Author: Vandana Shanker
Star Rating: 5 stars
Goodreads: Read the Blurb here
This is not a novel nor a novelette. Having said that you need to read this short introduction to the series to fall in love with Vandana's writing.
What is it about?
Set in the period of 1857 when the British Raj was controlling the privy purses of the small kingdoms of India, a British soldier falls in love with Princess Meera. The gateway to this period is through the POV of Shiv who has found some old documents in his grandmother's old haveli. A tale that spins over time and crosses the boundaries of past and present, will keep any historical romance lovers enthralled.
But keep in mind that this story ends abruptly and you will rush to pick up the Volume 2 in the series like I am doing.
The language of the Author
Is beautiful. Very descriptive and her strength is the way she describes an environment. Very apt for this genre where visualization of a scene is very much needed.
Shiv's grandmother owned an old haveli. Since his parents were settled in Singapore from the time he was 6 years old, they now felt that she had become too old to stay alone. Shiv got to see the old documents that belonged to generations of his family. That excites the historian in him.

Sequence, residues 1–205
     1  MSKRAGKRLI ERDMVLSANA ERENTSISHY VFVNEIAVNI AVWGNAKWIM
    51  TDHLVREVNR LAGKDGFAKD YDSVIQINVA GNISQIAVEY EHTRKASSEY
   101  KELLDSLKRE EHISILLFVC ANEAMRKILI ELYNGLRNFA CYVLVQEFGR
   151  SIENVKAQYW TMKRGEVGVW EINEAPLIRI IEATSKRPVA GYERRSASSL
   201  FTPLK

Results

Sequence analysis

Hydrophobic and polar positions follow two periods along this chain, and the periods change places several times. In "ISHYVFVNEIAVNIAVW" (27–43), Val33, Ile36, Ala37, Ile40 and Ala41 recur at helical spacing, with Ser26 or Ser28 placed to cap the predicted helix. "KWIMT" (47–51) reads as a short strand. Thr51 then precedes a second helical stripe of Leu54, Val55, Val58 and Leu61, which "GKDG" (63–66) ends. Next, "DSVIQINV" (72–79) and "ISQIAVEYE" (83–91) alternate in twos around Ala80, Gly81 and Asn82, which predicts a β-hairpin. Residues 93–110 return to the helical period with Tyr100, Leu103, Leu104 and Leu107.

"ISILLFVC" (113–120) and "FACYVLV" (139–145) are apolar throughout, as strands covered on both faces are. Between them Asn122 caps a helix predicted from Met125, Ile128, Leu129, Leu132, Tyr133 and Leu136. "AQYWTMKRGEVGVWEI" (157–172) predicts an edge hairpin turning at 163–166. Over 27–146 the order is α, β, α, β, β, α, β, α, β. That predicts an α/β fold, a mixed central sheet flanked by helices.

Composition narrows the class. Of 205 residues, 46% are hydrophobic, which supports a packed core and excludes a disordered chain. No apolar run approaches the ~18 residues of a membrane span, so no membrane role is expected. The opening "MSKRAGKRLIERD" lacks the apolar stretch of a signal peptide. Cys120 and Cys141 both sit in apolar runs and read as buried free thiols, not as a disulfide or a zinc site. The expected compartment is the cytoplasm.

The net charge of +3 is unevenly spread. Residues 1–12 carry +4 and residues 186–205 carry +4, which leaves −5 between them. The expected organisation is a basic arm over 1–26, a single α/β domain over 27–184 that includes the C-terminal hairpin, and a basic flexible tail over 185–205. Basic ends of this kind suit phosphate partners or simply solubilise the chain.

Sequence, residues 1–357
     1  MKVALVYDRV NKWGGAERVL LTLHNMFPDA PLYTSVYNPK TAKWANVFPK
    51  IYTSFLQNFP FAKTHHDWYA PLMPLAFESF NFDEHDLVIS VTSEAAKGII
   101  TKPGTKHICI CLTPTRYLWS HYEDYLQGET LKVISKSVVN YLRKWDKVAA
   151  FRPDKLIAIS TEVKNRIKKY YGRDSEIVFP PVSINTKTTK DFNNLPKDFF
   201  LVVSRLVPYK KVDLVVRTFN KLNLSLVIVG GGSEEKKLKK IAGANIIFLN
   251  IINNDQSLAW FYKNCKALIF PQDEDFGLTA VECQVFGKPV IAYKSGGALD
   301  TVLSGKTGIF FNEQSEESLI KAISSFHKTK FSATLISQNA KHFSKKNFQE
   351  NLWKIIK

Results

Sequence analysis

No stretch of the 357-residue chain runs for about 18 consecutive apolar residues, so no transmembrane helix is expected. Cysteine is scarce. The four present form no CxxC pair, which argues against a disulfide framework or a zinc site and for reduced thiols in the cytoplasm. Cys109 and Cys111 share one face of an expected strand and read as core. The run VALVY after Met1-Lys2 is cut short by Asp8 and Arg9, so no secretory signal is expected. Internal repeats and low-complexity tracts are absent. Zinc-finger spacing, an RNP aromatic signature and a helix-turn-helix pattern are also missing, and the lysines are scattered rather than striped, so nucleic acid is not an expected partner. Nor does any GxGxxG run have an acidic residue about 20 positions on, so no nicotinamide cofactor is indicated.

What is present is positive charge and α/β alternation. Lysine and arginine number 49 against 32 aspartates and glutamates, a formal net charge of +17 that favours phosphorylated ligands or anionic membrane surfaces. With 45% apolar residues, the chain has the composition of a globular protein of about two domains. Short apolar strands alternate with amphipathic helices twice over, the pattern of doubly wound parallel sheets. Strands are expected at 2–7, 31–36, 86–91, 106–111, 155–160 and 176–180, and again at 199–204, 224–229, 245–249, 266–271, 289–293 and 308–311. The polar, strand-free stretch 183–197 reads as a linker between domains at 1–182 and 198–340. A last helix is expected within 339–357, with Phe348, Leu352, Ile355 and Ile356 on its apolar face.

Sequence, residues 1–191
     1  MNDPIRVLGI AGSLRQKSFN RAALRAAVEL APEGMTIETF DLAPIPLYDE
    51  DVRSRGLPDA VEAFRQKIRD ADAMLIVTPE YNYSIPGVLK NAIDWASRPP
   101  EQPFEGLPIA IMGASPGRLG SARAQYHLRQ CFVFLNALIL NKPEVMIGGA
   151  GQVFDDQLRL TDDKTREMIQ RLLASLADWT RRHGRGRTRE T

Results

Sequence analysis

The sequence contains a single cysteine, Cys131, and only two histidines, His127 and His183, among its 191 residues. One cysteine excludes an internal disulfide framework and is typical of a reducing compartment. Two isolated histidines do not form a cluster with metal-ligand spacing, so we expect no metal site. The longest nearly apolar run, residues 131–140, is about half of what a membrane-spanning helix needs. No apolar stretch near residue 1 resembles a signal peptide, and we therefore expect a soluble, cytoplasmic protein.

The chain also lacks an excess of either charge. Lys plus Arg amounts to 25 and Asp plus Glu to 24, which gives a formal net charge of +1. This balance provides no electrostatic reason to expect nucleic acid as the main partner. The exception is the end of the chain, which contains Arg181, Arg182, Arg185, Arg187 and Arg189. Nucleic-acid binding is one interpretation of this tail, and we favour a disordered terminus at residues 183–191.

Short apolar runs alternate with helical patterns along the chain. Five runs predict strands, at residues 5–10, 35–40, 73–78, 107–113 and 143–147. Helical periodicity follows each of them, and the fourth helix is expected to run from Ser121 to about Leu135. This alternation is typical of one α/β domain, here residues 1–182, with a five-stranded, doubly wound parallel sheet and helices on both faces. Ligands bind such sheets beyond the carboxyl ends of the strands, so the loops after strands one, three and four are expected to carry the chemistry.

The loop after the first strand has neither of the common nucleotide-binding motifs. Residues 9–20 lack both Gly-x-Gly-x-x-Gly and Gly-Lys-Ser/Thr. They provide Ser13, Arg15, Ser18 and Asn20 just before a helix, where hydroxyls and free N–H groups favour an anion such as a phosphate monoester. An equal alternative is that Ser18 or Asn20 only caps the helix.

"The room held all the memorabilia of the past – discarded cartons and boxes, old utensils, some broken furniture, out-of-date fittings, Shiv’s old cycle and a cricket bat. Through the golden motes of dust, Amma pointed at the wooden chest in one corner. Shiv dragged it out and carried it to the living room."
In some of the scenes, I got goosebumps the way she has described the period of 1857. Those creaking doors and the glitter from the past - the abandoned and the false sense of securities of the rajas of that period have are well written.
I found the period she chose very rare. Not many stories of this period in the Indian history is available (I think) Women are not shown in their subdued forms but rather as equals. Though she was not given the right to rule but it was not due to the rules the Indians had for their women but rather the political aspirations of the Britishers. Or maybe a mix of both. But this short introduction to the series got me ready to read the already published books of this series.
Weaving a periodic tale
Historical romance is a difficult genre to write. Not only are the stats need to be correct but weaving the tale around those stats is equally challenging.
Bhanu Pratap had seen these privileges erode with time. The relationship with the neighboring kingdoms had changed. The British Company became too strong.
The changing period from monarchy to the British Raj. The changing attitude of the natives from nationalists to British loyalist of this era weaved as a story from the point of view of Shiv, John, and Meera. Looking forward to reading the remaining in the series from Vandana.
Grab your copy here